Notre Dame football blew up while USC football deflated (no pun intended) in 2012.
Did anyone see this coming?
How did a team that was ranked No. 1 in the preseason fall to 7-4 and out of the BCS standings while another team that wasn't even ranked in the preseason was able to claw its way up to No. 1 ahead of all those SEC teams?
How did USC quarterback Matt Barkley, a preseason Heisman favorite after eschewing the 2012 NFL Draft and coming back for some "unfinished business," fall out of the Heisman race while a defensive player from Notre Dame in Manti Te'o became a legitimate Heisman candidate?
It's an amazing story and most likely will be made into another Rudy-esque movie, but the script hasn't been finalized.
Trojan quarterback Max Wittek may be the one man that could thicken the plot and crush No. 1 Notre Dame's (11-0) early-January Miami Gardens vacation plans.
Wittek has never started a collegiate game, but this is one helluva game in which to start.
Wittek has the unenviable—or enviable if you root for Notre Dame—task of shouldering the burden of a USC team that has been now reduced to playing spoiler. If USC can beat Notre Dame, the Fighting Irish will have to take their talents to a BCS bowl that doesn't have a crystal ball as its trophy.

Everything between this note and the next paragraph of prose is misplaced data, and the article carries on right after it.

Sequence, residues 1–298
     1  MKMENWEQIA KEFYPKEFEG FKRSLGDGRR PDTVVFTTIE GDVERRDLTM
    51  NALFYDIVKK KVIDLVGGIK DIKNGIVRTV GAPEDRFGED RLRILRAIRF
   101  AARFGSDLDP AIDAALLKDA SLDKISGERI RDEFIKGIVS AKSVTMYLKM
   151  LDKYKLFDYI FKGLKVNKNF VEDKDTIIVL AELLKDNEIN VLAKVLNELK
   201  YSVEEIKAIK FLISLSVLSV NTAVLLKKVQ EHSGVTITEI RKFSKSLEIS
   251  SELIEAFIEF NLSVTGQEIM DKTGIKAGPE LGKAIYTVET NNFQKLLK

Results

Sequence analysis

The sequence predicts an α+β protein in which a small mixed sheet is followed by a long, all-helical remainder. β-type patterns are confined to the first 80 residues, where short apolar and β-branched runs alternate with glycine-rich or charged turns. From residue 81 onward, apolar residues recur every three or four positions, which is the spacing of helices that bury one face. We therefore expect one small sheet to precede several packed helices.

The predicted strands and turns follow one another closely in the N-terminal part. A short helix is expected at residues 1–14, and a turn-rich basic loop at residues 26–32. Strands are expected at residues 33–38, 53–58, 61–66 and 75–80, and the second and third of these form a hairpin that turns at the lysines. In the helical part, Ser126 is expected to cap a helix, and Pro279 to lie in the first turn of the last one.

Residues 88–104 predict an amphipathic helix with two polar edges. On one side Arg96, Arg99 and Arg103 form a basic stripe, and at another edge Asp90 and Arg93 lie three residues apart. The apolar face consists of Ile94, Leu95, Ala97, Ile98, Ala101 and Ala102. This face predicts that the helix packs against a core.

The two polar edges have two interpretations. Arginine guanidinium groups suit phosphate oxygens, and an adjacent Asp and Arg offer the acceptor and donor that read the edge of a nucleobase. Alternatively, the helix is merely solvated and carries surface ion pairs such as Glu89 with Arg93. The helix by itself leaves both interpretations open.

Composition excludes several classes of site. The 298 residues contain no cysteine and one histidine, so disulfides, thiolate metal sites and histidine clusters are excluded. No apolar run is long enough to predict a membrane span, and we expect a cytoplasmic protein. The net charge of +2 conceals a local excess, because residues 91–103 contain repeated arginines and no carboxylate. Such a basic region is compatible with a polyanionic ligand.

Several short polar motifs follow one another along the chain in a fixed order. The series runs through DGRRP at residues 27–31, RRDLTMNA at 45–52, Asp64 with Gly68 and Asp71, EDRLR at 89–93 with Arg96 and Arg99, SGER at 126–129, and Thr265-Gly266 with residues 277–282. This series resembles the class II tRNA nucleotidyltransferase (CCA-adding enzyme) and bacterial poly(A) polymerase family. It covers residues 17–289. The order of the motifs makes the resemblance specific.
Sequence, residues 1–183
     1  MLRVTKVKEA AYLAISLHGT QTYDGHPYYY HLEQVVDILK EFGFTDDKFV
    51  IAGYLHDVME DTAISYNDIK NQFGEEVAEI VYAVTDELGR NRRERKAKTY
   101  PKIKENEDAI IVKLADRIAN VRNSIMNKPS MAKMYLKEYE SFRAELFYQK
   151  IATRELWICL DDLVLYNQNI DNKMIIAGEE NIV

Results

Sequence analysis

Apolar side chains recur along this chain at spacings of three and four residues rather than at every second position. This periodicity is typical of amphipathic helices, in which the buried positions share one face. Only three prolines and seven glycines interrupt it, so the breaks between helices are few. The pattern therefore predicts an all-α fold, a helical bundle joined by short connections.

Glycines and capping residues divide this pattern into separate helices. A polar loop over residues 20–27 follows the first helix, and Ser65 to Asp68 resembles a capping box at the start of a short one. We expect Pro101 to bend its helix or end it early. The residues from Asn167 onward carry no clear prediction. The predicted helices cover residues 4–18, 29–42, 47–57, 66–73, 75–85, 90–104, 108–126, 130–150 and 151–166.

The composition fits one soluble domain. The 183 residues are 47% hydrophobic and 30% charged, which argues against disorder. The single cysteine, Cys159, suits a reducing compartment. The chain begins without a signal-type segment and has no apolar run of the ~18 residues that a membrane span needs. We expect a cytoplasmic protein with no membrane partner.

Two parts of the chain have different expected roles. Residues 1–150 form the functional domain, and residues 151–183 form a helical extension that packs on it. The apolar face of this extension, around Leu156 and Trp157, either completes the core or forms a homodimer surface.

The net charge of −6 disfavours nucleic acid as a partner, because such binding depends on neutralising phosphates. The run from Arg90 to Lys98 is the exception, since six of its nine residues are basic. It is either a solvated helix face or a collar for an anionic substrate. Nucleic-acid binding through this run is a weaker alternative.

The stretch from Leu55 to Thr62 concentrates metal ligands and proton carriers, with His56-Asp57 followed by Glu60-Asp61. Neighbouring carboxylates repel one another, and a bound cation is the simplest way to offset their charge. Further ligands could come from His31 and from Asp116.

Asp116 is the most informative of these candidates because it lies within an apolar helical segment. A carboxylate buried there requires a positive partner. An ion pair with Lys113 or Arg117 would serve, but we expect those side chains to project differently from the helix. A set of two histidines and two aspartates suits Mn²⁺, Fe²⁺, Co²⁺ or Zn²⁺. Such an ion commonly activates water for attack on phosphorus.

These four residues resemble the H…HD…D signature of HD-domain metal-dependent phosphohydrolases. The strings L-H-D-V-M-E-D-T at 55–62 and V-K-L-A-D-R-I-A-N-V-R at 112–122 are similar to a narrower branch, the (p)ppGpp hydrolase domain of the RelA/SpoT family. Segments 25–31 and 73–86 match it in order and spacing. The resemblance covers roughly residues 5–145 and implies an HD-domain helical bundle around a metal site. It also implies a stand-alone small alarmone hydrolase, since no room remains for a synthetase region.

There is plenty of respect between these two teams, but there is also no love lost. Notre Dame will be gunning for the redshirt freshman quarterback from Newport Beach, CA.
Wittek's entire career at USC can be summed up with these stats: 8-of-9 for 95 yards and one touchdown. He's also been sacked once.
Wittek's varsity numbers are very impressive. At Mater Dei High School, Wittek threw for 4,410 yards and 39 touchdowns.
Brandon Huffman, a national recruiting analyst for scout.com, gave his scouting report on Wittek's senior year at Mater Dei.
He has tremendous vision and always wants to make the big play before checking down to his shorter routes. He has a quick release and a strong arm. He struggles with accuracy at times, but shows poise under pressure and a willingness to hang in the pocket and take a hit. A gun-slinger mentality, Wittek likes the high risk, high reward throws.
Unfortunately for Wittek, linebacker Manti Te'o likes those high-risk throws as well. The senior linebacker is exceptional in pass defense with six interceptions this season.
Who wins? USC or Notre Dame?
Nobody expects USC to win this game. The Trojan defense is full of blue chip talent that has somehow floundered under Monte Kiffin's genius, surrendering over 392 yards per game.
But USC's offense, despite its moments of sputtering and moments of brilliance throughout this season, is still a threat to Notre Dame's secondary.
Wittek has two of the best receivers in the country in his arsenal of weapons: Marqise Lee and Robert Woods. If Wittek can withstand the pass rush and make big plays, USC may be able to stay with Notre Dame and make the game interesting.
Max Wittek could end USC's disappointing season on a high note.
Taking Notre Dame out of the BCS title game and possibly elevating Marqise Lee's Heisman hopes in a span of three hours would be another great chapter for one of the country's greatest intersectional rivalries.
Mr. Wittek, your baptism by fire awaits.